The wrong kind of investment?

Saturday, 3rd March 2007 at 16:16 UTC Leave a comment

According to the head of CBI Wales, David Rosser, the success (what success? the plant is still shedding 300 jobs and closing) of the Burberry workers’ fight might put multinational bullies off investing in Wales. This isn’t surprising from the leader of an organisation more or less aimed at unionising bosses to defend their interests from government imposed restrictions. While jobs are sorely needed in Wales, perhaps we should pause for a moment and ask what kind of jobs we should want to see created.
I was at a conference last weekend (as well as attending a protest and a Critical Mass bike ride) where we heard from a leading American thinker on Christianity and Economic Justice, Tony Campolo. He talked of how important the kind of investment that allows workers to build their own companies is, rather than the kind brought by multinationals.
We should be looking to more cooperative ways of creating jobs, not relying on the type of companies Mr Rosser is speaking about. Apparently the companies he wants to bring to the region regard ‘fire-ability’ (my word choice) as essential to an area.
Its also worth noting that the local member of the Welsh Assembly believes the campaign could have attracted positive interest as well, so obviously not everyone who wants to employ garment workers is obsessed with how easy it would be to fire them a few years later.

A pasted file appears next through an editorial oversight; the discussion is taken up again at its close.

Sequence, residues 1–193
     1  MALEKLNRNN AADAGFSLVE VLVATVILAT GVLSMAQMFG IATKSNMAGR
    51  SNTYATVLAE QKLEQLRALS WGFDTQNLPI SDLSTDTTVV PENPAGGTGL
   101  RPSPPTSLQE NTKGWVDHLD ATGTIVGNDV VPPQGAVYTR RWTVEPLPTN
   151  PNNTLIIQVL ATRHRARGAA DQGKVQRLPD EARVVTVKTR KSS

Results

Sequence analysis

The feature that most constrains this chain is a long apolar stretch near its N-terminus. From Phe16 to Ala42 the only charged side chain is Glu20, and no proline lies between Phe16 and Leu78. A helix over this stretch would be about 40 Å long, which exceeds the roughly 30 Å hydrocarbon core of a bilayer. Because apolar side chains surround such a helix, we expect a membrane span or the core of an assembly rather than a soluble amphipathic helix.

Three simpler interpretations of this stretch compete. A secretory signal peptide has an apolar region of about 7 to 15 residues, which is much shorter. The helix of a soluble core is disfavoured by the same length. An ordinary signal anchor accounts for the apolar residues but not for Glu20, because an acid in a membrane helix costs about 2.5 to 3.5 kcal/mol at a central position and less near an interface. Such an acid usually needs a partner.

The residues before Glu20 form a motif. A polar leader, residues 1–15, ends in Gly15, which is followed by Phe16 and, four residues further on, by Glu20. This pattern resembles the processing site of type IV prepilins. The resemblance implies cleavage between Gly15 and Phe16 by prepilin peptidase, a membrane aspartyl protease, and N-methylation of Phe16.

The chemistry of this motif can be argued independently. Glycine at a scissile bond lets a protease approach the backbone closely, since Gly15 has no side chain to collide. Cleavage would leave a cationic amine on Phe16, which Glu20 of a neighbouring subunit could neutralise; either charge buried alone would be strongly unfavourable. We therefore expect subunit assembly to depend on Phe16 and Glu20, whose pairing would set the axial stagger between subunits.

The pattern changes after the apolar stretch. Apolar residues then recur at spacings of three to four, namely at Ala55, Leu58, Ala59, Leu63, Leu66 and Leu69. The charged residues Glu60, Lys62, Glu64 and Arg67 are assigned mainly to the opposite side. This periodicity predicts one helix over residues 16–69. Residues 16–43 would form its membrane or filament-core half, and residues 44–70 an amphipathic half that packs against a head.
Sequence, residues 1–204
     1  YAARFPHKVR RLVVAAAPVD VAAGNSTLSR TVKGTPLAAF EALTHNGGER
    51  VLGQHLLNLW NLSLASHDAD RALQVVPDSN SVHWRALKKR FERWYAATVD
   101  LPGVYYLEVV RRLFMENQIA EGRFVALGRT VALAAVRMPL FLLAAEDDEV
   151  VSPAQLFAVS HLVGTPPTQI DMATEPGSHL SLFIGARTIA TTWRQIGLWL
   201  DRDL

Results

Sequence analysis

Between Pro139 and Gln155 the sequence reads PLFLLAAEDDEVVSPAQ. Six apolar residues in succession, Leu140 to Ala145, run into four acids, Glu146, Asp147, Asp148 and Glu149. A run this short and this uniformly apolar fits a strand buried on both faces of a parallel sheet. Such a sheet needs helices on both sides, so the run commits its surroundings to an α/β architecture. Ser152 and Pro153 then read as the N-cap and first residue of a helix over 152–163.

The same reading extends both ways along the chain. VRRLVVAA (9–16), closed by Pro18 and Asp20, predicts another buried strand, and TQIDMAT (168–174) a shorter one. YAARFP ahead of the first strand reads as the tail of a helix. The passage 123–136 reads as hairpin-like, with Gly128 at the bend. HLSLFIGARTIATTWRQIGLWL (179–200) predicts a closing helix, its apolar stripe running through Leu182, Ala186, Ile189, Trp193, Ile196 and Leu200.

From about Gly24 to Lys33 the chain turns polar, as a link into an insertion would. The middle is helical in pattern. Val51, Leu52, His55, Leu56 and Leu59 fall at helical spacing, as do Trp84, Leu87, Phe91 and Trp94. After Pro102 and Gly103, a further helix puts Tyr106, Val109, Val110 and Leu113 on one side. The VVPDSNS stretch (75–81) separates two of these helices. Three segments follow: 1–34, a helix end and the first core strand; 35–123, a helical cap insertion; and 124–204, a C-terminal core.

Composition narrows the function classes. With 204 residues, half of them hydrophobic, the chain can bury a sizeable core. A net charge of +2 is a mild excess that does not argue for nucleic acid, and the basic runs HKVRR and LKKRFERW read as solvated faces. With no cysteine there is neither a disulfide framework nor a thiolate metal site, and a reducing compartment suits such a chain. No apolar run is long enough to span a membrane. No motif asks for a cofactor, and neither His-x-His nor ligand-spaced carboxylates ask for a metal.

Of course, what’s really tragic is that we’re hearing about this and not about the remarks made about developing world countries where TNC’s (transnational corporations), or their representatives on the ground, are pulling out simply because Union’s have been formed. The idea businesses should want to disinvest from areas where workers care about their lives and their ability to support their families is sickening.
Campolo suggested that the solution, one he is implementing in Haiti, is to help create better jobs for those who need them. Haiti is home to Disney sweatshops. OK, Disney does not own them, nor does it deal with the owners directly, but if Disney clothes are made in them, we must hold Disney ultimately accountable. We should empower the locals to do something about their poverty. He talked of ‘selling’ this idea to capitalists and to socialists in one day, and finding both loved it: free enterprise and worker control hand in hand.
So to David Rosser my only response would be “tough, you and your unfair employer cronies can get lost, and let companies that don’t mind workers asking for justice come in instead; better still, lets help the unemployed create their own work”.

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Entry filed under: Economics, Politics.

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